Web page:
• As a former history major, the descriptions of the brutality of the Ethiopian army I heard, reminded me of the massacres American soldiers committed on Vietnamese villages in 1968, specially the Mai Lai massacre, which was one of the most horrific incidents of violence committed against unarmed civilians during the Vietnam War. They also reminded me of what the Bosnia Serbs did to the people of Srebrenica in July 1995. I am not embarrassed to admit that these testimonies brought tears to the old eyes.

There is a nasty tendency we observe among some Eritreans, especially those who support the leader of the ruling gang, to the degree of cult worship. That tendency is limiting advocacy against massacres only to those committed by the Ethiopian army, and ignoring those committed by the ruling gang on the same people. To help this perplexed and misled group of PFDJ supporters with the basics about the rights of citizens, we formulate the issue into a question, reading: Should massacres necessarily be committed by an occupation army in order to be condemned and its victims commemorated?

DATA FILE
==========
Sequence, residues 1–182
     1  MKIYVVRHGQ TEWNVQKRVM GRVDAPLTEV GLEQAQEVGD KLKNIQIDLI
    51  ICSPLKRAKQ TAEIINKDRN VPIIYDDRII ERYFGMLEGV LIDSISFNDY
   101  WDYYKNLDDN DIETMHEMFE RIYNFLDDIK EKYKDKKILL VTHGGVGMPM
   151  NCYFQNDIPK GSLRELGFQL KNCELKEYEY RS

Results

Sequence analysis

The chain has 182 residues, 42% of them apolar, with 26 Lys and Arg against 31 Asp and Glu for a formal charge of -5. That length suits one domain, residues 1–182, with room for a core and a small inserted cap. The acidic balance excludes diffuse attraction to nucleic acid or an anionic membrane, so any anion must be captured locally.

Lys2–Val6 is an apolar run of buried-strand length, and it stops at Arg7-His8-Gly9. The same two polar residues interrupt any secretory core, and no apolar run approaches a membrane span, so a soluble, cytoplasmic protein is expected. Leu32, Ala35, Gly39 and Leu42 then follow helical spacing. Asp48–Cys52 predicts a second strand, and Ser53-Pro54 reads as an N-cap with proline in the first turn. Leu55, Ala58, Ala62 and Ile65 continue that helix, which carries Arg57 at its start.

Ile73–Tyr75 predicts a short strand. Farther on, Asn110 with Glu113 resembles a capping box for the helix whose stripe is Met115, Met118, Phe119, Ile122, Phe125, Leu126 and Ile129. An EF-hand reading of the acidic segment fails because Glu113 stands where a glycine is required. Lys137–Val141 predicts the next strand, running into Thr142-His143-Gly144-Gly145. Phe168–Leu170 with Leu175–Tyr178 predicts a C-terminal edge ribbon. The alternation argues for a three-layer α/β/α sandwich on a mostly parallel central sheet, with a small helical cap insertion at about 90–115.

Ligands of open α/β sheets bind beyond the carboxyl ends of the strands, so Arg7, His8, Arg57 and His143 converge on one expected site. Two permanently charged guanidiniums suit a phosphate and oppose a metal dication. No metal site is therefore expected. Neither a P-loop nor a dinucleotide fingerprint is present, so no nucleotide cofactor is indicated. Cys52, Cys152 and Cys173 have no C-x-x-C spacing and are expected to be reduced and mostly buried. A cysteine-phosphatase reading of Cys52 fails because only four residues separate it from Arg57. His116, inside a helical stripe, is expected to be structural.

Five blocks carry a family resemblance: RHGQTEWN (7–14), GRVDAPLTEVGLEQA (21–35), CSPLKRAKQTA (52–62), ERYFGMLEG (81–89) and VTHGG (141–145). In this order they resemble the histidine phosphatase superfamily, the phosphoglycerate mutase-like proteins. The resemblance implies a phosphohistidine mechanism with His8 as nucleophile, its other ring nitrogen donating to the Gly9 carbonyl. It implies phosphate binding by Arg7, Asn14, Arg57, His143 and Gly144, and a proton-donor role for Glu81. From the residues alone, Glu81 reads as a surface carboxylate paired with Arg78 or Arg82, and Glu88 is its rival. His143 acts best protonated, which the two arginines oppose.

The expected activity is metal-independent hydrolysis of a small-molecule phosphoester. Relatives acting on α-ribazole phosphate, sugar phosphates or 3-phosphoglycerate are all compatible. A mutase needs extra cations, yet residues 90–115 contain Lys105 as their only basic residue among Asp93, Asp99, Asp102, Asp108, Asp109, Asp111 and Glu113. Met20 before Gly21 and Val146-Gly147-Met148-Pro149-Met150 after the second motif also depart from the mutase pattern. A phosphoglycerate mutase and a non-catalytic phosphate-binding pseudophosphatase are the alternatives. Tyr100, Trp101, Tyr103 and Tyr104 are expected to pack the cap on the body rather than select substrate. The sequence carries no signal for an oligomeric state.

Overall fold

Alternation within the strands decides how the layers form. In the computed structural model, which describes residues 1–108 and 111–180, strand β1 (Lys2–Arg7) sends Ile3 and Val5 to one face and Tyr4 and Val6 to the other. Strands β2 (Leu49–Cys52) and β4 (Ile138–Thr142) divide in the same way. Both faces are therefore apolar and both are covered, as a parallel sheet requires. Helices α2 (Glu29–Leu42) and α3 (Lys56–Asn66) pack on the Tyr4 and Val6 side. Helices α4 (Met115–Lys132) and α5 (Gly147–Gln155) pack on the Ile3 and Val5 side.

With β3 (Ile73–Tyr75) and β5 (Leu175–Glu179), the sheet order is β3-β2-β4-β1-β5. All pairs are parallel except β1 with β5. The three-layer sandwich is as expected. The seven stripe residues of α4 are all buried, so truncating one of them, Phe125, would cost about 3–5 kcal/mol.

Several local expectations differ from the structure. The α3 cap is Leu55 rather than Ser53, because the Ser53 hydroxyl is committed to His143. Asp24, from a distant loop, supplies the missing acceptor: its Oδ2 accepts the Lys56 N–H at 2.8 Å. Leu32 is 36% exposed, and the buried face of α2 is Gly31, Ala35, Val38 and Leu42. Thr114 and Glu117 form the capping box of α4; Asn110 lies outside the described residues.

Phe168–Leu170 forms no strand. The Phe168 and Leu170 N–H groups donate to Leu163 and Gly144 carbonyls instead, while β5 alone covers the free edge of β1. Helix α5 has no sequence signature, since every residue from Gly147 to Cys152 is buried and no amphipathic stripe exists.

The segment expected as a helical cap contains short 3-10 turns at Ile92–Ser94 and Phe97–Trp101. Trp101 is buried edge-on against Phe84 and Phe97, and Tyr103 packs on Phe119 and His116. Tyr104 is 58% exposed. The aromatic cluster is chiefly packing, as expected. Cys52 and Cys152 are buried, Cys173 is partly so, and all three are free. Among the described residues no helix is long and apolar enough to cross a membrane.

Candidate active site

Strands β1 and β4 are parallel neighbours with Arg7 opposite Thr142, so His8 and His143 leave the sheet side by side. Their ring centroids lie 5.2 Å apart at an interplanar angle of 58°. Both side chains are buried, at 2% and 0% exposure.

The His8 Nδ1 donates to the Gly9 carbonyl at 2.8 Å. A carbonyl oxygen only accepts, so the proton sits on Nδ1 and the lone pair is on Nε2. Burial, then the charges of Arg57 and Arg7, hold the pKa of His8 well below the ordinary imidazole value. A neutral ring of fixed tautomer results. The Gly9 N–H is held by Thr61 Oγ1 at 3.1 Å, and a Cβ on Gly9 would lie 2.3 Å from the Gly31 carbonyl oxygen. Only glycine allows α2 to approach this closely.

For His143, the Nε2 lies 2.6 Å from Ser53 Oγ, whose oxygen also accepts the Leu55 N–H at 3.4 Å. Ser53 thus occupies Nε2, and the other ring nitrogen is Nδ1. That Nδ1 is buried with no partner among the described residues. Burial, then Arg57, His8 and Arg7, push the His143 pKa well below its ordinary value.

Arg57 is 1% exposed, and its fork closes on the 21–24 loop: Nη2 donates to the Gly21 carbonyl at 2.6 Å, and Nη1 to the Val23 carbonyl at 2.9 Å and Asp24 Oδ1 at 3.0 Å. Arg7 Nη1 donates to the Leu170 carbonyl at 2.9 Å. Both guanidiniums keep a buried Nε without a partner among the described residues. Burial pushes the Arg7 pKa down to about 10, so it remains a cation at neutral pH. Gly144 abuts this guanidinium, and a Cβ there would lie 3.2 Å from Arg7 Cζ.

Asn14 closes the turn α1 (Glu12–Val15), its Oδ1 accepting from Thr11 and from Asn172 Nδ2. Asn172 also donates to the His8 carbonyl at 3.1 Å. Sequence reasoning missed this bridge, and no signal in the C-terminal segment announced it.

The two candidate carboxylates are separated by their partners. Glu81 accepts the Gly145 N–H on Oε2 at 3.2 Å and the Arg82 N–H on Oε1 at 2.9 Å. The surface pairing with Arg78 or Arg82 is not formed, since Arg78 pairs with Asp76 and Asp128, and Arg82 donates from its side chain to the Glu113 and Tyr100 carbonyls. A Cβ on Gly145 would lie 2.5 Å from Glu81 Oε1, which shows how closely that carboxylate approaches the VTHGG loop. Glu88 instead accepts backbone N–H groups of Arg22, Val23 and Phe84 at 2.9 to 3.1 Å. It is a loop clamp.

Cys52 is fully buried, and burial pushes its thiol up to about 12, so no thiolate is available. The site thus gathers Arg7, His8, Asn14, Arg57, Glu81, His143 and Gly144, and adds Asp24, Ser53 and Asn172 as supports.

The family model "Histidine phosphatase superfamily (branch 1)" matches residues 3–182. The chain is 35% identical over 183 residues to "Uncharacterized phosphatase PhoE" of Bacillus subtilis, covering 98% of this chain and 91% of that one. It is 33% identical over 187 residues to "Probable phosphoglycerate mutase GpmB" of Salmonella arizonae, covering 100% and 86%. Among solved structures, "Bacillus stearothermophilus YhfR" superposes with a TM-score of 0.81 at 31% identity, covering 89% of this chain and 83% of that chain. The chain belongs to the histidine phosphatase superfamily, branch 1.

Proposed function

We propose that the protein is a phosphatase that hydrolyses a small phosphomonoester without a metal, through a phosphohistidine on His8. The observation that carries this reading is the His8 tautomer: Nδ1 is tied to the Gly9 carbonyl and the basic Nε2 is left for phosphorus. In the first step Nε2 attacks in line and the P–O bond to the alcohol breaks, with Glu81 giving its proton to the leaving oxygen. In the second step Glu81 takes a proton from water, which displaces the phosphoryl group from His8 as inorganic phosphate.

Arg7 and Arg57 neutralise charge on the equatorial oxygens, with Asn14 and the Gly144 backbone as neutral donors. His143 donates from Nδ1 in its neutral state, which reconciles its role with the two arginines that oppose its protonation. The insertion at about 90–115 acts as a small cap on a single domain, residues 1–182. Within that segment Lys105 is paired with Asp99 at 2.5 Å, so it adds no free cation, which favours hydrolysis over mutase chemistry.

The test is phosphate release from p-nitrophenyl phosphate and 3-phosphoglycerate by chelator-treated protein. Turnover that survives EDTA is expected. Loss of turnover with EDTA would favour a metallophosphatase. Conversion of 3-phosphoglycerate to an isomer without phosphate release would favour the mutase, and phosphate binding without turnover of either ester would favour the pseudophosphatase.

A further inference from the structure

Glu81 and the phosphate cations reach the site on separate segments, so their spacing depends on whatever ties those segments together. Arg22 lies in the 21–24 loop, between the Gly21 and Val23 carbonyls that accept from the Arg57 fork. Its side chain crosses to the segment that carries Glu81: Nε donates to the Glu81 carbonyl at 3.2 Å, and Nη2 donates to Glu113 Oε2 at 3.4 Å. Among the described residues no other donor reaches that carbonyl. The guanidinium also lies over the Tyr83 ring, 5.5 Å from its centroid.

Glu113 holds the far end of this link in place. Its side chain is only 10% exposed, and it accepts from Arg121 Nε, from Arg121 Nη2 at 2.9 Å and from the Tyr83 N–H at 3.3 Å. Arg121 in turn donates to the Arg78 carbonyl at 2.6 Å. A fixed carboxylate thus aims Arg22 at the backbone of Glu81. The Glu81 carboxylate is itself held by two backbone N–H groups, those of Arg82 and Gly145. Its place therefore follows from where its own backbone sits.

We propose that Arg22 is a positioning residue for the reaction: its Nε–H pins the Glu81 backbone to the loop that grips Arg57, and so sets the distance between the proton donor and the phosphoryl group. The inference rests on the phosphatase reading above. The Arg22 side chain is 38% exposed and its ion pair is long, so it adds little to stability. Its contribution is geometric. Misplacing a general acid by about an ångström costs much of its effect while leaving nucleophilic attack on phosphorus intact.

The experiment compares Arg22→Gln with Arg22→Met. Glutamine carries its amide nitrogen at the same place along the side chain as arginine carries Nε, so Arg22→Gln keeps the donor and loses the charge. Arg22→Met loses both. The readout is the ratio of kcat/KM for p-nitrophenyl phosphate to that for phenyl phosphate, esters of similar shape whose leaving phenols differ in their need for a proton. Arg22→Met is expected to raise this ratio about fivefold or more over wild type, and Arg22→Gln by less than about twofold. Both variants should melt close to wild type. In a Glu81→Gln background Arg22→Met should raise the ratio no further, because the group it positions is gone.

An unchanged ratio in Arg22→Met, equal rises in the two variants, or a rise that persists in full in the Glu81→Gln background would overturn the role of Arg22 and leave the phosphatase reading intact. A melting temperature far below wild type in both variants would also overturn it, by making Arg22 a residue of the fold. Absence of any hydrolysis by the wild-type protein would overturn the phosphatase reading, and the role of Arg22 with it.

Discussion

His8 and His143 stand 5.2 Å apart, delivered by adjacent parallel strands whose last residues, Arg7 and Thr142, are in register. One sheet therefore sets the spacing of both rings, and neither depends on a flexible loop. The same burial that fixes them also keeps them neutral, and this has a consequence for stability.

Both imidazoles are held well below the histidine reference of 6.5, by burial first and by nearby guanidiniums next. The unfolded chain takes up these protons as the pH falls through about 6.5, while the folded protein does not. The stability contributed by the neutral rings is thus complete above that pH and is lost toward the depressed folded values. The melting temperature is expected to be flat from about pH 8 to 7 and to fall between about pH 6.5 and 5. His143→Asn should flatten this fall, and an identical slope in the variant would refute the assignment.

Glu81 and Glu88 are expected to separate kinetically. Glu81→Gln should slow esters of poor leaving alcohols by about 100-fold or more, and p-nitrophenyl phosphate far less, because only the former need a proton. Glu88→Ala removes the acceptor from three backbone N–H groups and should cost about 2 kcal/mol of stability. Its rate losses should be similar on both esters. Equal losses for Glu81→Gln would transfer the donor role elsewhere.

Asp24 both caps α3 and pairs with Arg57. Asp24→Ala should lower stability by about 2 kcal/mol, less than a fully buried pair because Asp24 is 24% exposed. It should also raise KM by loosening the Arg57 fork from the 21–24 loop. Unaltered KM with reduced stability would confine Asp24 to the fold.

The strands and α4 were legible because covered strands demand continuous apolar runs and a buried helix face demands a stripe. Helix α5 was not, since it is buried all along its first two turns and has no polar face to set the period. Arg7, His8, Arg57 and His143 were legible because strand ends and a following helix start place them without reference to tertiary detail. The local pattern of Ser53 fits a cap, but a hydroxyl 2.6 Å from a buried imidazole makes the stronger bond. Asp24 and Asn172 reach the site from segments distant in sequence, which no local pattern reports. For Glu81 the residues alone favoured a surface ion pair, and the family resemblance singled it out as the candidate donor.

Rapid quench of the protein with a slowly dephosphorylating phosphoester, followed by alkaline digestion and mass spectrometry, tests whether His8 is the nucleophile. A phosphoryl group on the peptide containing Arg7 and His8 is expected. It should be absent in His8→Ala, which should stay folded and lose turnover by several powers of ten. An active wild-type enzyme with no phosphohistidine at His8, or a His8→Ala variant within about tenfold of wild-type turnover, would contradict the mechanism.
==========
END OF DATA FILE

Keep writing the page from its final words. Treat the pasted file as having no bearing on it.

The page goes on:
As the Americans honour the lives lost in the Pearl Harbour Attack of December 7, 1914, the 911 Twin Tower attack of September 11, 2001, and Boston Marathon Bombings of April 15, 2013, no matter who committed the massacres, we remember, honour, and pay tribute to all victims of brutal massacres, not only committed by the Ethiopian colonial army, but by the ruling gang in the post– independence period too. It should be noted here that being silent on the coldblooded massacres committed by the ruling gang, while only remembering the victims of the brutality of the Ethiopian army, is total disloyalty to and betrayal of the victims of the Ethiopian massacres too. Shockingly, massacres after independence continued to happen, and the oath “Never Again” has turned into “Again, and again”, as someone put it to describe the world situation.